"Madar chod!" Sergeant Singhamanputra, of the Jut regiment of the Indian army, swore. Now the already difficult job of extracting the Indian President and his cabinet from their hiding place in Delhi would be next to impossible. Still, he wasn't the kind of man to give up without a fight. Turning, he addressed his squad in the back of the ancient open-topped jeep. "Ok men, things aren't good but this is a chance to show the invaders what the Indian army is made of. Remember, even though they've got some way of glitching our equipment, this is our country and we know the terrain and the people better than..."

 

Machine gun fire interrupted his speech as it rattled through the air, and the jeep behind him exploded, its petrol tank ruptured. Evil laughter floated from above the vehicles, where a man in a bulky metal armoured suit hovered in mid air - held aloft by blue jets of flame which roared from his boots. Raising what looked to be an old-fashioned tommy-gun, the flying man taunted the soldiers.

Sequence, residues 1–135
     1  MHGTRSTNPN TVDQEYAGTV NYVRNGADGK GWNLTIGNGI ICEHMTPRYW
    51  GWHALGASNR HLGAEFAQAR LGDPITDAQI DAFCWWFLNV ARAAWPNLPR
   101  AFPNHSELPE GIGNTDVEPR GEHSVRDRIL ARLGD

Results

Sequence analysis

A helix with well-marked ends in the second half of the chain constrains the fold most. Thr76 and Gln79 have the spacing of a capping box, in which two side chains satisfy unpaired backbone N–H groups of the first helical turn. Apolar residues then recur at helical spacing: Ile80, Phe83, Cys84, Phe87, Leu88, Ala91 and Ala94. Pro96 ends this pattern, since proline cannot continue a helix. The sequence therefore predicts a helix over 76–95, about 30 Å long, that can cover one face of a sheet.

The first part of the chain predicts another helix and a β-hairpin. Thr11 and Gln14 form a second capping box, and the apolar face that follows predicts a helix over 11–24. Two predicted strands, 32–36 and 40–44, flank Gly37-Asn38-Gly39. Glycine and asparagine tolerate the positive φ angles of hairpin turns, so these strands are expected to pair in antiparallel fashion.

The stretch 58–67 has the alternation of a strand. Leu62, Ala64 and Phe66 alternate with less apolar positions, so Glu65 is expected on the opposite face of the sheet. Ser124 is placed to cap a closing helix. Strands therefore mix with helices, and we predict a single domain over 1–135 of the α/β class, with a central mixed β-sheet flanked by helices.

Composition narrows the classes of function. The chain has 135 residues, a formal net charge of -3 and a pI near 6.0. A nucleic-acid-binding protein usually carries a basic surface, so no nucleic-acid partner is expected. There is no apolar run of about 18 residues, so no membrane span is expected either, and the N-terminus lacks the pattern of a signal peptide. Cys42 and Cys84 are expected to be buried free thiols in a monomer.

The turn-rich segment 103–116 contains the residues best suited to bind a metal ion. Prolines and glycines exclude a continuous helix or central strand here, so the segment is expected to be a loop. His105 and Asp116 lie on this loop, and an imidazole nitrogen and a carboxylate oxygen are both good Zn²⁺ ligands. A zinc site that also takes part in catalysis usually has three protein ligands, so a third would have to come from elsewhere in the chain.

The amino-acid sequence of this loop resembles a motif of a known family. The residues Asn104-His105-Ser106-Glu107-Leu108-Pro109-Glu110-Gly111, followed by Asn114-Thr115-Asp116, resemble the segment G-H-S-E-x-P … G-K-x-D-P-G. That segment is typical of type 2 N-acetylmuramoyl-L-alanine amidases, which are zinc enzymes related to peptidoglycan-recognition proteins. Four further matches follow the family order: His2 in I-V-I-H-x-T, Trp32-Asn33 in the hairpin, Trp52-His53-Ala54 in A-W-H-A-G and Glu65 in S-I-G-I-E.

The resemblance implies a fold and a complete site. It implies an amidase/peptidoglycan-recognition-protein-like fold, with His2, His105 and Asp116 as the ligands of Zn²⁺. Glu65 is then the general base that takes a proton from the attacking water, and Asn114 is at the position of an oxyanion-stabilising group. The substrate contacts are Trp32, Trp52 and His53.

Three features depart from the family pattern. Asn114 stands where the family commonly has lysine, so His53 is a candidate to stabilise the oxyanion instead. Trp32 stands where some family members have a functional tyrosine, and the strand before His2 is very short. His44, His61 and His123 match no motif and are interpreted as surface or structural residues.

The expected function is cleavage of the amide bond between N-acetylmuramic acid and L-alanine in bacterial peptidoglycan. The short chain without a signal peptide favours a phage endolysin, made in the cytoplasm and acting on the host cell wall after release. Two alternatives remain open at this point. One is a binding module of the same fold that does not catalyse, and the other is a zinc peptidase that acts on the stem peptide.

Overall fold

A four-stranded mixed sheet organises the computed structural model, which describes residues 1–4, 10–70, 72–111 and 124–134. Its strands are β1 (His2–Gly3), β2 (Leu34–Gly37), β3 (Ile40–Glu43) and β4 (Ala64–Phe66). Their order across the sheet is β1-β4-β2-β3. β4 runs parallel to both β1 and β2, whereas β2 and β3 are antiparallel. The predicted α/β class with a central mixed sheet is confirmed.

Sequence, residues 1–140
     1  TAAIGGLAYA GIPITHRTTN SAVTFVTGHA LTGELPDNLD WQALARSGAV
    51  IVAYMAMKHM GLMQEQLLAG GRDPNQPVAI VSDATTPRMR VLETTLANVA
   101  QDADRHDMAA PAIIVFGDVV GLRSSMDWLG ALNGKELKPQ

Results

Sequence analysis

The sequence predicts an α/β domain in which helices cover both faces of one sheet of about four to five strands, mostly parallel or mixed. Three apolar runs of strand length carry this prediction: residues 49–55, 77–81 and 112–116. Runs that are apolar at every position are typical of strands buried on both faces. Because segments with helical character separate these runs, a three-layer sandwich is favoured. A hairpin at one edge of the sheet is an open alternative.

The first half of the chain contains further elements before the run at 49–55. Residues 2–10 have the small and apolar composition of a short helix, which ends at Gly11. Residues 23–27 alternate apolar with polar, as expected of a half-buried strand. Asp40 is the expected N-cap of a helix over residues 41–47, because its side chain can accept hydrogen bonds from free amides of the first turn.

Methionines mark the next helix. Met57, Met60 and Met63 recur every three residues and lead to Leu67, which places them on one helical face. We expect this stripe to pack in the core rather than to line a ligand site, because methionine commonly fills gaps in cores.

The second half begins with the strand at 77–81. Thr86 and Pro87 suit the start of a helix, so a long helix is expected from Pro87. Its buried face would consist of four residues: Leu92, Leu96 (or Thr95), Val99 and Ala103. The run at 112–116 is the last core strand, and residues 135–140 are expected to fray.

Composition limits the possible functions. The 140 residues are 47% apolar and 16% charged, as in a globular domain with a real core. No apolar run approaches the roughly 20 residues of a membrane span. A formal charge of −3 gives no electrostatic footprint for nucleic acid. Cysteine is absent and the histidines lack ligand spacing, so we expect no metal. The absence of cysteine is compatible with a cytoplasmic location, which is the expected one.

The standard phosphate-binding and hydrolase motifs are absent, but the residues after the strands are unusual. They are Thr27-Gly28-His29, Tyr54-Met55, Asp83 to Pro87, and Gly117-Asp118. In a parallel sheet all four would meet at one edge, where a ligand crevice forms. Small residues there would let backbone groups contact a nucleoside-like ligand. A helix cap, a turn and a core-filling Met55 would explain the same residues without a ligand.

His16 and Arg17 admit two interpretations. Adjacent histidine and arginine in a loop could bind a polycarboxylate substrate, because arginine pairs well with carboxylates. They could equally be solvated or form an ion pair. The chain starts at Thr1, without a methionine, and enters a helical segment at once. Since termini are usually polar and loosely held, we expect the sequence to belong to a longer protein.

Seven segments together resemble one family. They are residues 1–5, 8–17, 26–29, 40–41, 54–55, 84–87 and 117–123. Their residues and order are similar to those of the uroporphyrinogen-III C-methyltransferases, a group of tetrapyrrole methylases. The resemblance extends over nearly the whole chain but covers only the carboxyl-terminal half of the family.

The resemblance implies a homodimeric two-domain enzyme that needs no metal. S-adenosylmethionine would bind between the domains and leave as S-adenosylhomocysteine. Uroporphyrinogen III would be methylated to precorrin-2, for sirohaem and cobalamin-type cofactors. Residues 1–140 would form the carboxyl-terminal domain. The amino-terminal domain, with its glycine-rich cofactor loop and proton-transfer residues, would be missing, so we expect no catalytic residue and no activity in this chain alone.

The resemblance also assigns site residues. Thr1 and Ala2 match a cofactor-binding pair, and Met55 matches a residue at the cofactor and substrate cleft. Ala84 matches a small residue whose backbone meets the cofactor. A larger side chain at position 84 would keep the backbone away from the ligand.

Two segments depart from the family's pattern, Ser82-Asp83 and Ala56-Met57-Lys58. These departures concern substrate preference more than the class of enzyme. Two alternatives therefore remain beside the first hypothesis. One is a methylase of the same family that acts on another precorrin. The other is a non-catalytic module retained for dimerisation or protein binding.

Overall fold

"So, you thought you could save your pathetic government? Inconceivable - you can't even save yourselves! How honoured you will be to be sent to your doom by me, the Brass Condor!"

 

As quick as a flash, Sergeant Singhamanputra reacted, snatching the RPG-7 from the back of the jeep and loading it in a single movement. The weaponry hadn't worked since the unit had approached within 200 miles of Delhi, but it was their only hope; uttering a quick prayer to Shiva, he flicked on the laser sight and was rewarded with a flicker as the LEDs lit up!